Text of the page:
What if new tools can yield a better understanding of religion in the past? What if an online database can be a wide-angle lens for studying religious and cultural history?
For many people, information overload has become a pesky reality of life. It’s something we manage as best we can – which often means ignoring a lot of what’s out there.
But for humanities scholars, information overload is becoming an occupational hazard. Their work depends on interpreting existing knowledge in their specialty area as the foundation for forming new ideas and insights. An exponential growth in scholarship is making that harder than ever before.
“During the past 15 years, scholarly production has ramped up considerably in scope, volume and geographic range,” reports Edward Slingerland, Ph.D., a professor in Asian studies and religion at the University of British Columbia. For example, he cites that between 2008 and 2018, the annual volume of humanities articles more than quadrupled.
“In my own field of early Chinese thought, there are hundreds of scholars in mainland China alone producing high-quality scholarship in dozens of journals,” he continues. “I can’t even pretend to keep up with this output in English, let alone Chinese, Japanese or other languages. I think most fields are experiencing this kind of uptick in scholarly output, and we all feel a bit overwhelmed.”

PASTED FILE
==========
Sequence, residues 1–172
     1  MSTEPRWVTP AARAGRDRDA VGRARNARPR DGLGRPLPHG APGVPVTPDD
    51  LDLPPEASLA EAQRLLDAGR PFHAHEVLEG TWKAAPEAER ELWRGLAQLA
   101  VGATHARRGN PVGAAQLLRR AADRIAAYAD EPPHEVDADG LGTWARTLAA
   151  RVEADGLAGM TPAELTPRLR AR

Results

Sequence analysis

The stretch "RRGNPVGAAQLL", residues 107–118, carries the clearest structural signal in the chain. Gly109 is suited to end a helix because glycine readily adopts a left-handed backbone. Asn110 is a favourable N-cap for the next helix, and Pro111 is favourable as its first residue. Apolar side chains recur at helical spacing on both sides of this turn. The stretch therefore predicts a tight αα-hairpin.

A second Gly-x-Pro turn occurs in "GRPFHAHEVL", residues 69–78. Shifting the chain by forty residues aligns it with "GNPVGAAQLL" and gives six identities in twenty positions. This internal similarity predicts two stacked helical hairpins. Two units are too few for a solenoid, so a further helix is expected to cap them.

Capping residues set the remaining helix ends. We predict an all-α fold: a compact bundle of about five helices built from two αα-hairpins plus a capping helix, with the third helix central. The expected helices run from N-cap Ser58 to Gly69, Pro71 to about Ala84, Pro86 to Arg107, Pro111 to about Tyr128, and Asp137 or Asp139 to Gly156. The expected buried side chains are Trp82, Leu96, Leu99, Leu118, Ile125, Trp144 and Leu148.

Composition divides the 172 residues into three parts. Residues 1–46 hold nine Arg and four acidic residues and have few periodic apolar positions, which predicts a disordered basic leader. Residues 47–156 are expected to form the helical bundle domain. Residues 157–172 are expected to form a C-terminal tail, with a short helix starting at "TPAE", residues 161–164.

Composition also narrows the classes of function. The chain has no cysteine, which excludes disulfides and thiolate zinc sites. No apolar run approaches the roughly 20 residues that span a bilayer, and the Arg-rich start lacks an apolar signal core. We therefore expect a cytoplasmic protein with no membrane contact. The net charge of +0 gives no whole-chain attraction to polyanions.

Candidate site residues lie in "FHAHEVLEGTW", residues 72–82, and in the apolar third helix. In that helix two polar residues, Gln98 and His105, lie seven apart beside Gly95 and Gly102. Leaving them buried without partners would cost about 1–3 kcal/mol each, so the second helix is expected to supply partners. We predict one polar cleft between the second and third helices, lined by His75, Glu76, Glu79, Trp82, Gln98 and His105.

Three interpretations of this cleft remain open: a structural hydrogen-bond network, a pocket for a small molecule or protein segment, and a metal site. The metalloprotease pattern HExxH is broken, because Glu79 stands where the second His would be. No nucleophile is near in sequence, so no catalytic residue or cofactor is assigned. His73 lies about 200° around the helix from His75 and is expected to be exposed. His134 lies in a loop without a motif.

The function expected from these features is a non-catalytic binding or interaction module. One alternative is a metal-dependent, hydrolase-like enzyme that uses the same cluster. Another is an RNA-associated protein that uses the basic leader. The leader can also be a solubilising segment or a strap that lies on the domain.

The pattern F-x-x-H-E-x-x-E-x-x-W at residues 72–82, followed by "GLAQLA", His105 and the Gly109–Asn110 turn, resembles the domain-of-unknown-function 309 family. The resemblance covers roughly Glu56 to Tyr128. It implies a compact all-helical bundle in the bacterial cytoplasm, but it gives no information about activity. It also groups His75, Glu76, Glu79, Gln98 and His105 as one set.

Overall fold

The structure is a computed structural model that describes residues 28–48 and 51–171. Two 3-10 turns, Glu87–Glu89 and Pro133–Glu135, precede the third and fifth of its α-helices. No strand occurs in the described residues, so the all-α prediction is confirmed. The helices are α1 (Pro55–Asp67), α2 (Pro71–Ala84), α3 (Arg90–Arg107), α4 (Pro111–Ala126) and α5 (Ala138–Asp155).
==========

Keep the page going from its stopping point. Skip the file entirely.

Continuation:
With seed funding from Templeton Religion Trust, Slingerland is leading a project aimed at helping scholars who specialize in religion studies to stay current in their fields. Aided by an interdisciplinary team of collaborators from all over the globe, the project has produced a new, first-of-its-kind resource: the Database of Religious History (DRH).
The DRH is an online quantitative and qualitative encyclopedia that collects and codes information about religious behaviors and beliefs throughout world history. Its goal is to help researchers and students advance their work in more areas, with more accuracy and at a faster pace than ever before.
“To continue to do what we humanities scholars have always done, which is to make generalizations about the topics we study, we need new tools. And those tools must have a quantitative component to them,” says Slingerland.
The DHR is part of the growing trend of digital humanities – that is, importing quantitative tools and methods from fields such as information science and statistics and applying them to studies in the qualitative disciplines of literature, philosophy, history and religion. Slingerland acknowledges that there’s been, and still is, considerable pushback against this trend.
Due to harsh realities such as less grant money for their research projects, dwindling numbers of humanities students and a rising ratio of adjunct versus tenure-track professors, “humanities scholars often feel beleaguered or under siege,” Slingerland explains. “And in that environment, doing something that’s digital and has a scientific component to it can seem very threatening.”